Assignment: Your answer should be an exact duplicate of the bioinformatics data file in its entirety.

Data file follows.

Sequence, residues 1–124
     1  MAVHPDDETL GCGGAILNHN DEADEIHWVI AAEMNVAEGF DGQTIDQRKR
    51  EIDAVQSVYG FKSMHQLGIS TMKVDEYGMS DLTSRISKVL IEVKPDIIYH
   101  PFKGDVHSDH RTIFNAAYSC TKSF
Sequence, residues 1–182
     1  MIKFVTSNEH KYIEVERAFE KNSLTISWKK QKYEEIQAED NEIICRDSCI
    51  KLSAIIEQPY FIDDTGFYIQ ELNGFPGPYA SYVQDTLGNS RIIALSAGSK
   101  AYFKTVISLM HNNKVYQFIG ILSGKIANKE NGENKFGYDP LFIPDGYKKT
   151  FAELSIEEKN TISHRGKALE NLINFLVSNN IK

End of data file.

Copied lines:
Sequence, residues 1–124
     1  MAVHPDDETL GCGGAILNHN DEADEIHWVI AAEMNVAEGF DGQTIDQRKR
    51  EIDAVQSVYG FKSMHQLGIS TMKVDEYGMS DLTSRISKVL IEVKPDIIYH
   101  PFKGDVHSDH RTIFNAAYSC TKSF
Sequence, residues 1–182
     1  MIKFVTSNEH KYIEVERAFE KNSLTISWKK QKYEEIQAED NEIICRDSCI
    51  KLSAIIEQPY FIDDTGFYIQ ELNGFPGPYA SYVQDTLGNS RIIALSAGSK
   101  AYFKTVISLM HNNKVYQFIG ILSGKIANKE NGENKFGYDP LFIPDGYKKT
   151  FAELSIEEKN TISHRGKALE NLINFLVSNN IK